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Yehonathan Sharvit06:04:07

How can I create a channel with no buffer?

Yehonathan Sharvit06:04:23

I tried

(def c (chan))

(put! c "hello")

  (println "c: " (<! c)))

Yehonathan Sharvit06:04:01

In this case, the channel should be empty, when the reader reads it

Yehonathan Sharvit06:04:15

But in reality, it prints c: hello

Yehonathan Sharvit06:04:10

What I want is to create a channel such that messages that are written while no reader reads the channel are dropped


you can use a dropping-buffer


altho I don't think you can use a size 0


put! actually buffers too


and you can use size 0, but then you have to use >! and other blocking/parking methods to put values in the chan


put! has to use a buffer since it’s guaranteed to immediately return, even if the chan is full


@joost-diepenmaat It doesn't work for me with a buffer size of 0 neither with dropping-buffer nor with sliding-buffer


@viebel What you can do is something like:

(def c (chan))
(alts!! [[c "hello"]] :default false)


That will immediately return if there are no pending takes on c, otherwise put "hello" into c


In the former case it will return [false :default]


In the latter [true c]

Yehonathan Sharvit13:04:19

Do you have any idea why it cannot be done in the straightforward way - using put!?

Yehonathan Sharvit13:04:17

(In cljs, there is no alts!!, so I have to use alts! - which must be inside a go block 😞


Because there is no buffer available with that semantic


I just thought of another way, though, that should work with put!


If you put a mult in between it should work


But then you have to tap and untap on the reading side everytime ... not ideal either I guess


Well you can hide the (go (alts! ...)) behind a function, of course 🙂

Yehonathan Sharvit13:04:04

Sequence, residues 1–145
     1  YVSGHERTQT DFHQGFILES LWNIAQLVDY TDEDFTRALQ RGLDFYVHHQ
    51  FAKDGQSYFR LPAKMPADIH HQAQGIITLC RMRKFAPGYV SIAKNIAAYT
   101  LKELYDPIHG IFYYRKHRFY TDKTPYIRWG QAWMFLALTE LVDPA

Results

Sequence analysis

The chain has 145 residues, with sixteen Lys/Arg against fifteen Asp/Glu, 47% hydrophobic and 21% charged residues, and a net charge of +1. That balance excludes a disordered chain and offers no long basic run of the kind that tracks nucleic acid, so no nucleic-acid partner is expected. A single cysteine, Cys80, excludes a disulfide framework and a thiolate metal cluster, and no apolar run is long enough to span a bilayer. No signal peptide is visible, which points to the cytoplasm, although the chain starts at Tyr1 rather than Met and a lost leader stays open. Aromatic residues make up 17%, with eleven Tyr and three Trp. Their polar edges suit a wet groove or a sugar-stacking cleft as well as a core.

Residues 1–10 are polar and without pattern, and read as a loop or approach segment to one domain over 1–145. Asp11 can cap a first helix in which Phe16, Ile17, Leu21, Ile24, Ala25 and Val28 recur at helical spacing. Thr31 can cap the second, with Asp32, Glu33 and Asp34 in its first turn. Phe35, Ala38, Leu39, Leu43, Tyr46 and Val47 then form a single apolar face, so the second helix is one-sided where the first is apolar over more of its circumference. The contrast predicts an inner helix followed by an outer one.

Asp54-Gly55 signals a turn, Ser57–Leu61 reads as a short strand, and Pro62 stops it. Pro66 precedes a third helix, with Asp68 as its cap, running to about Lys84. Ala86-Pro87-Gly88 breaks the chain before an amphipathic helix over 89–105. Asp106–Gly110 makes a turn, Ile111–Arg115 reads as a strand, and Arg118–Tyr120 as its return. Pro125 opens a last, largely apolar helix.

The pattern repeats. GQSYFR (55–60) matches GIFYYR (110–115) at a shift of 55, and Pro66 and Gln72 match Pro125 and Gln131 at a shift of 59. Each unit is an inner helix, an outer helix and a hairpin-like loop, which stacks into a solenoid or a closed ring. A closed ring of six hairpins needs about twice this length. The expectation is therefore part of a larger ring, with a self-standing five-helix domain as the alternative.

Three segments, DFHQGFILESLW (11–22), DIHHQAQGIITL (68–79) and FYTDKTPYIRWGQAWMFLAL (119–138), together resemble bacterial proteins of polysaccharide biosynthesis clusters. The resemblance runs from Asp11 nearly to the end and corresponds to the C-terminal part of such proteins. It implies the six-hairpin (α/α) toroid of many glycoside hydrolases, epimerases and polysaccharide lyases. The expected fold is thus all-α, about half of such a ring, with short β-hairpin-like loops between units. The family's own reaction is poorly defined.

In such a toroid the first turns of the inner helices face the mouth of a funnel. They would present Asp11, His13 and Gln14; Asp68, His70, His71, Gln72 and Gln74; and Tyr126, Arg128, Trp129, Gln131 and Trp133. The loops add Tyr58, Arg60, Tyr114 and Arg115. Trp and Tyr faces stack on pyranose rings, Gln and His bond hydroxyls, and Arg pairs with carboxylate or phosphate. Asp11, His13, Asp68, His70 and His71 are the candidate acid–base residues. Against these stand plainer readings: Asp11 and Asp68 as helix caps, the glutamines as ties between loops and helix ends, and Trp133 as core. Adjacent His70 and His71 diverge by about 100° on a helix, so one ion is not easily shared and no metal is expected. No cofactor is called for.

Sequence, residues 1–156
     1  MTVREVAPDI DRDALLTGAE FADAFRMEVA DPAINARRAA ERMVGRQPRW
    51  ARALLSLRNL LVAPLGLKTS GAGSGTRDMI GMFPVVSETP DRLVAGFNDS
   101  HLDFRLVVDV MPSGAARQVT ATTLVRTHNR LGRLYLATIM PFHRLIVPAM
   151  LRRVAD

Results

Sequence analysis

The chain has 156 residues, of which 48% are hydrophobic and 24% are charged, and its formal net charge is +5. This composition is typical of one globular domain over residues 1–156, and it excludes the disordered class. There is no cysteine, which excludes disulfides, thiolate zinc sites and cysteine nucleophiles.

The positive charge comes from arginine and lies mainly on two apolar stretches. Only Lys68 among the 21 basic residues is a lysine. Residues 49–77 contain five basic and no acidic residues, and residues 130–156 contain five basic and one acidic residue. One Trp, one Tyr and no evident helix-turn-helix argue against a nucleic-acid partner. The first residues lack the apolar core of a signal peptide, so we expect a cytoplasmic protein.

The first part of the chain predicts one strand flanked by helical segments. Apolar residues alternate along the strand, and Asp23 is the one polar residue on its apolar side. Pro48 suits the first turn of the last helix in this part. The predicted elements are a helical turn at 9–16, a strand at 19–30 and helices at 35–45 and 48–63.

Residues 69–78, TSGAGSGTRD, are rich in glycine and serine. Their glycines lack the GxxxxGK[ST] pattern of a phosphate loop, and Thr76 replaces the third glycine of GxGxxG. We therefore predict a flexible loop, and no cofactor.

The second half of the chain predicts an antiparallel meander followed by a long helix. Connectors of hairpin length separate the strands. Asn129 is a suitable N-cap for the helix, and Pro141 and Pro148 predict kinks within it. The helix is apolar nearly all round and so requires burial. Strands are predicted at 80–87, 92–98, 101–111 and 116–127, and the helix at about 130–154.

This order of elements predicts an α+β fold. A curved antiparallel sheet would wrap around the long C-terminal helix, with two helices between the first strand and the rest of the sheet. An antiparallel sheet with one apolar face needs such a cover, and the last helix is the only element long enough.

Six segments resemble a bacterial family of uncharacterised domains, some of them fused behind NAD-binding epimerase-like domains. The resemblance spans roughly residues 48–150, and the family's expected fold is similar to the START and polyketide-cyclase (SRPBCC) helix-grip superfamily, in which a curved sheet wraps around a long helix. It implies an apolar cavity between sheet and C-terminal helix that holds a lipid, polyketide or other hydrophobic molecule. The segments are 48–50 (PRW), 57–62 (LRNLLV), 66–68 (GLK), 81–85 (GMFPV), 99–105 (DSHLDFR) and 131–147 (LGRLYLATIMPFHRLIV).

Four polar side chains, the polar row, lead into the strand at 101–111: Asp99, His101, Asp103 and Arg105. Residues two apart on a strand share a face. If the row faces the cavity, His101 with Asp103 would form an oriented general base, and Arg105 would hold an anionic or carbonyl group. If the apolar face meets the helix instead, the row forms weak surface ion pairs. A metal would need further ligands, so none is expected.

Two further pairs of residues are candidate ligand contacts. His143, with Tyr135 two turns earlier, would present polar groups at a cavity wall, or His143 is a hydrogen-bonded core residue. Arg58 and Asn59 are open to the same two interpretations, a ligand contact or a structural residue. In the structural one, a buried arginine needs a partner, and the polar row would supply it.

Would it make sense to create a buffer policy where there is no buffer but puts will never be blocked?


Sure, you could roll your own buffer with those semantics


But that's a bit trickier

Yehonathan Sharvit13:04:36

I don’t understand why this is not the semantics of (chan)?

Yehonathan Sharvit13:04:45

It should create a channel with no buffer!!!!

Yehonathan Sharvit13:04:17

Why (alts! [[c "hello"]] :default false) behaves differently than (put! c)?

Yehonathan Sharvit13:04:56

in the case of no pending takes

Yehonathan Sharvit13:04:12

To me it’s really confusing!!


(chan) does create a channel with no buffer


the problem is that put! never blocks and uses an internal buffer when the chan’s buffer is full or doesn’t exist


so don’t use put!


then the other problem is that the semantics of a chan without a buffer is that it parks/blocks until there is a pending take


and you cannot create a buffer with size 0 (I think) that would convert it to something like “dropping”


basically because that would mean you’d pretty much always would be dropping messages


unless you manage to have more than one pending take on the chan at all times


I’m not sure that a dropping buffer with size 0 makes sense but I may be just confused

Yehonathan Sharvit14:04:55